Can you get sued for a Tweet? Courtney Love and the future of the internet

What role does she play in the future of the internet?

We all knew it would come to this some day. We probably didn’t know it would involve Courtney Love, but that seems somewhat appropriate. You see, Love is being sued. Nothing new there, right? Well, what is new is that could have serious ramifications well beyond a celebrity spat. Courtney love is the first person being sued for a tweet she made on twitter.

You see, back in 2009, fashion designer Dawn Simorangkir wanted Love to pay her a few thousand dollars for clothes and the singer wasn’t impressed to say the least. She went on a tirade via Twitter and other social media platforms calling Simorangkir a “drug pushing prostitute” among other things.

Love had roughly 40 000 followers at the time (now it’s over 90 000) and many of them re-tweeted her comments. In response, Simorangkir is now suing Love for defamation, claiming these posts ruined her career, while Love’s lawyers are preparing to argue that the Hole front-woman mental state at the time wasn’t malicious.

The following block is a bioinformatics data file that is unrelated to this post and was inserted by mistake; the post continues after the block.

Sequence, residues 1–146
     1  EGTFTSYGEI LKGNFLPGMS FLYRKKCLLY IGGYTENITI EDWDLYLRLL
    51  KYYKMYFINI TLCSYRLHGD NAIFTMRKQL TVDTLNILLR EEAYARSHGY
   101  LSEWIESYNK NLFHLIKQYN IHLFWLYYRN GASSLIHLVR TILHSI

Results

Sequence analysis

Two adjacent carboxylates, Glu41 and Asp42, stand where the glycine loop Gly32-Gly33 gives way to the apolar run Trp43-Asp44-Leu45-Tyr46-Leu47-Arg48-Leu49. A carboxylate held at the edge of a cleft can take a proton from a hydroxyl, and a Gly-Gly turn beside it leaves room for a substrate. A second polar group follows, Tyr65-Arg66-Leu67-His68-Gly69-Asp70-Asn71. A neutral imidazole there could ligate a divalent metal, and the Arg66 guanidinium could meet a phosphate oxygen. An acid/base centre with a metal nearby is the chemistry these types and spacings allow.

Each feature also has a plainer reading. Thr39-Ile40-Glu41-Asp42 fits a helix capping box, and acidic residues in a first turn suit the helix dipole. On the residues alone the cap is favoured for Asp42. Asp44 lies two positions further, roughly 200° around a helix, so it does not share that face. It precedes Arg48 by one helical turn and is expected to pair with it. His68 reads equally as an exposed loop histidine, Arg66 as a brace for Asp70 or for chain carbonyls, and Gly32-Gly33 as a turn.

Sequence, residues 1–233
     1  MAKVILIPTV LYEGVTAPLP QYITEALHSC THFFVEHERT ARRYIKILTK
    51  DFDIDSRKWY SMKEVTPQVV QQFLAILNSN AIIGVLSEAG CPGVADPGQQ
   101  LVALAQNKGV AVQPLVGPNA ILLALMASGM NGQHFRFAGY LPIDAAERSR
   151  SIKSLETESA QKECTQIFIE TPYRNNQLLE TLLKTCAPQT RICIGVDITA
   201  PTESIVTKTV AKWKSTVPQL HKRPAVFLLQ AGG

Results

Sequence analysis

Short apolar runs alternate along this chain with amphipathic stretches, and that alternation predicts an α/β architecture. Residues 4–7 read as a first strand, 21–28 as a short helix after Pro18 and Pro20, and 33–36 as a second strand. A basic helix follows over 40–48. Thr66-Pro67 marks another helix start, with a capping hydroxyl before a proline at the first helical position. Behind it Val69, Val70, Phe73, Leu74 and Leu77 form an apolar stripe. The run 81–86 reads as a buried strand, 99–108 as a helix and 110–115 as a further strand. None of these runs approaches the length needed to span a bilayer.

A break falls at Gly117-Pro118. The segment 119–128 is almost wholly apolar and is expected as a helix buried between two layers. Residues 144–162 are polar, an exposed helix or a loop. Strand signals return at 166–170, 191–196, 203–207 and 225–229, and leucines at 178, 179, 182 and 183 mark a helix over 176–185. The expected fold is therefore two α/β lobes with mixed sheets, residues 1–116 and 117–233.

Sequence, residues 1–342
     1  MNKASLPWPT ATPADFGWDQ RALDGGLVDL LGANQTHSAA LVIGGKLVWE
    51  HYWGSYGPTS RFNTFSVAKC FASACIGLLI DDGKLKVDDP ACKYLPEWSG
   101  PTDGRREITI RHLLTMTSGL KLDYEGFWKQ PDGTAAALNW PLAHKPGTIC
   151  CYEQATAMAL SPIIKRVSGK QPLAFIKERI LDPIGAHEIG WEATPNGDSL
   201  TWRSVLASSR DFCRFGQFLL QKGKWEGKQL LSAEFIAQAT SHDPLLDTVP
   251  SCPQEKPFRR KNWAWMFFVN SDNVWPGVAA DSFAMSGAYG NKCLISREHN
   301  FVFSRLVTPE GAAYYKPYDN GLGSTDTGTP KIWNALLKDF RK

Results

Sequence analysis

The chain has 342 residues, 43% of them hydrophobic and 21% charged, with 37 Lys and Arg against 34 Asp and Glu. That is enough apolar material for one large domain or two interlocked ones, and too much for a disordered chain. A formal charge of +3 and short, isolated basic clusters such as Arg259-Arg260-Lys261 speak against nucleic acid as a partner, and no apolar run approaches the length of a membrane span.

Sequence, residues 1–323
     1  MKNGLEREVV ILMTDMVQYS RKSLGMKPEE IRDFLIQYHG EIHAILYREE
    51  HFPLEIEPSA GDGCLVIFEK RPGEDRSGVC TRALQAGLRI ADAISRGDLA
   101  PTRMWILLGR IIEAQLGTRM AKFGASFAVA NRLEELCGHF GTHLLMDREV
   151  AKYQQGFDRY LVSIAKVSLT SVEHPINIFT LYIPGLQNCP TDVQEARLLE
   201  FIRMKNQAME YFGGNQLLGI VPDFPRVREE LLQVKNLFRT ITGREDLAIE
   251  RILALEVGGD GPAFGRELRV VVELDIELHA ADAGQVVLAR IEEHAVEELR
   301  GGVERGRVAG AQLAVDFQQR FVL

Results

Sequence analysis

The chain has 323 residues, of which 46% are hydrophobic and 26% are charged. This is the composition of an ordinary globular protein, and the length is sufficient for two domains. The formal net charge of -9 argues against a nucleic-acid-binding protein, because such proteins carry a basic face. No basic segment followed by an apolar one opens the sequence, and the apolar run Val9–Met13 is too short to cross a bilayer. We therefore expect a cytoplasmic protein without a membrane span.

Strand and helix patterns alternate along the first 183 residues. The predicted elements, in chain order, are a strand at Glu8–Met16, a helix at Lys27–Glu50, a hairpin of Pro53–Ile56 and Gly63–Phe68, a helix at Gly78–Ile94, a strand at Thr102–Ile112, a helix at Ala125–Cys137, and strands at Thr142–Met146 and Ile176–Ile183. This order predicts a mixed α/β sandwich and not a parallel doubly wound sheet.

Regardless of the state of anyone’s mind or career, the outcome of this case could mean something for anyone who expresses their opinion online. While traditional corporate media outlets have been susceptible to lawsuits for years and caved many times out of fear of lost profits or ad revenues, the internet has largely been a space for people to freely say what they want.

Now all that may change and this could be very bad.

What happens, say, when someone or a group of people use Twitter to mobilize a protest or temporarily take down a website to prove a point and the US government wants their info? Oh wait, that already happened…twice.

During the 2008 Republican convention, protesters tweeted cop movements and were later arrested. More recently, the US government ordered Twitter to turn over the personal info of those who run the Wikileaks Twitter account.

So actually, the freedoms enjoyed largely because of the person-to-person origins of the net have been under attack for a while, with no sign that it will stop. Soon the principle of Net Neutrality may no longer apply to mobile devices, furthering the transformation of the web into a corporate-controlled medium.

While a silly celebrity case like this one may not seem close to the importance of the changes already happening, it is the official test of how people can use the internet to communicate. No matter what happens, this case will set a legal precedent: Is the web a grounds for conversation and open expression? or Another corporate platform where everything can be regulated the same way as a newspaper?

Love her or hate her, in this case we can only hope that Courtney Love prevails.

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